Ordination of Cantors for the First Time in Jewish History - Hebrew Union College - Jewish Institute of Religion
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Ordination of Cantors for the First Time in Jewish History

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Monday, June 25, 2012

Hebrew Union College-Jewish Institute of Religion (HUC-JIR) will initiate the ordination of cantors for this first time in history.  Six cantors (five women and 1 man) will be ordained as Cantors at the Ordination Services at Congregation Emanu-El of the City of New York on Sunday, May 6 at 9 am. In the past, cantors were invested at culminating ceremonies.

“The ordination of cantors is a significant step in the ongoing professionalization of the American Reform Cantorate,” states Rabbi David Ellenson, HUC-JIR President.

“This issue has been developing for many years,” explains Cantor Bruce Ruben, Ph.D., Director of the Debbie Friedman School of Sacred Music. “Officers of the American Conference of Cantors, Central Conference of American Rabbis, HUC-JIR faculty, the President of HUC-JIR and I formed a committee to implement this change.”

The reasons for changing from investiture to ordination are multifold:

  • The term investiture is not recognized by some states as a means of conferring clergy status.  Consequently, there have been cantors barred from visiting congregants in prisons and hospitals or, in some cases, barred from performing weddings.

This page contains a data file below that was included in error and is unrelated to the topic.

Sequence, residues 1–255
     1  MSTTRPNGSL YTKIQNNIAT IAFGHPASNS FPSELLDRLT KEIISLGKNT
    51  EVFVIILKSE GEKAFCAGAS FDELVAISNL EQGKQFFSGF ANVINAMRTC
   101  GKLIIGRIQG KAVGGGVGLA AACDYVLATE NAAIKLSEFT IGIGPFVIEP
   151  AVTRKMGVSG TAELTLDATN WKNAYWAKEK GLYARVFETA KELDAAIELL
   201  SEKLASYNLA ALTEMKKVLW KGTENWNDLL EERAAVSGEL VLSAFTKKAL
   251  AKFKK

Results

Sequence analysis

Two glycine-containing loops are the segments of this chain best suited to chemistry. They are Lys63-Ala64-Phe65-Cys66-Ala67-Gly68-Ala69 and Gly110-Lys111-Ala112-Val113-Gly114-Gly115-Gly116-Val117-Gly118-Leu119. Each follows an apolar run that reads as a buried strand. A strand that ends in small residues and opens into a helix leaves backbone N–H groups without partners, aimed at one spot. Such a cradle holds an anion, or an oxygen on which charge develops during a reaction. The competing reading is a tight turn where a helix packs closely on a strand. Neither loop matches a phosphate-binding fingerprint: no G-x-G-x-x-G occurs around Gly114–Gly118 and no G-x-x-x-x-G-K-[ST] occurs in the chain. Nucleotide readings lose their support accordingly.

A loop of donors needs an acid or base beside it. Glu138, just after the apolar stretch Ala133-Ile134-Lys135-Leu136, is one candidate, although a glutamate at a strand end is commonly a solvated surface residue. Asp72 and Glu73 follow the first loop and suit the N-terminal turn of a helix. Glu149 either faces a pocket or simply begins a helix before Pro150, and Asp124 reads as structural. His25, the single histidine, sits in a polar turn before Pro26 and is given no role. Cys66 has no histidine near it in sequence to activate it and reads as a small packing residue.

• Cantors have had great difficulty qualifying to serve in the military chaplaincy.
  • Cantors now complete an intensive five-year program, comparable to rabbinical training, including a first year of study in Israel and master’s thesis, and are prepared to serve as co-clergy with rabbis.
The contemporary cantor enjoys an expanded professional role as a full-fledged member of the clergy, educator, pastoral counselor, musical director, and composer of new liturgical music.

Founded in 1875, Hebrew Union College-Jewish Institute of Religion is North America's leading institution of higher Jewish education and the academic, spiritual, and professional leadership development center of Reform Judaism. HUC-JIR educates leaders to serve North American and world Jewry as rabbis, cantors, educators, and nonprofit management professionals, and offers graduate programs to scholars and clergy of all faiths. With centers of learning in Cincinnati, Jerusalem, Los Angeles, and New York, HUC-JIR's scholarly resources comprise the renowned Klau Library, The Jacob Rader Marcus Center of the American Jewish Archives, museums, research institutes and centers, and academic publications. In partnership with the Union for Reform Judaism and the Central Conference of American Rabbis, HUC-JIR sustains the Reform Movement's congregations and professional and lay leaders. HUC-JIR's campuses invite the community to cultural and educational programs illuminating Jewish heritage and fostering interfaith and multiethnic understanding. www.huc.edu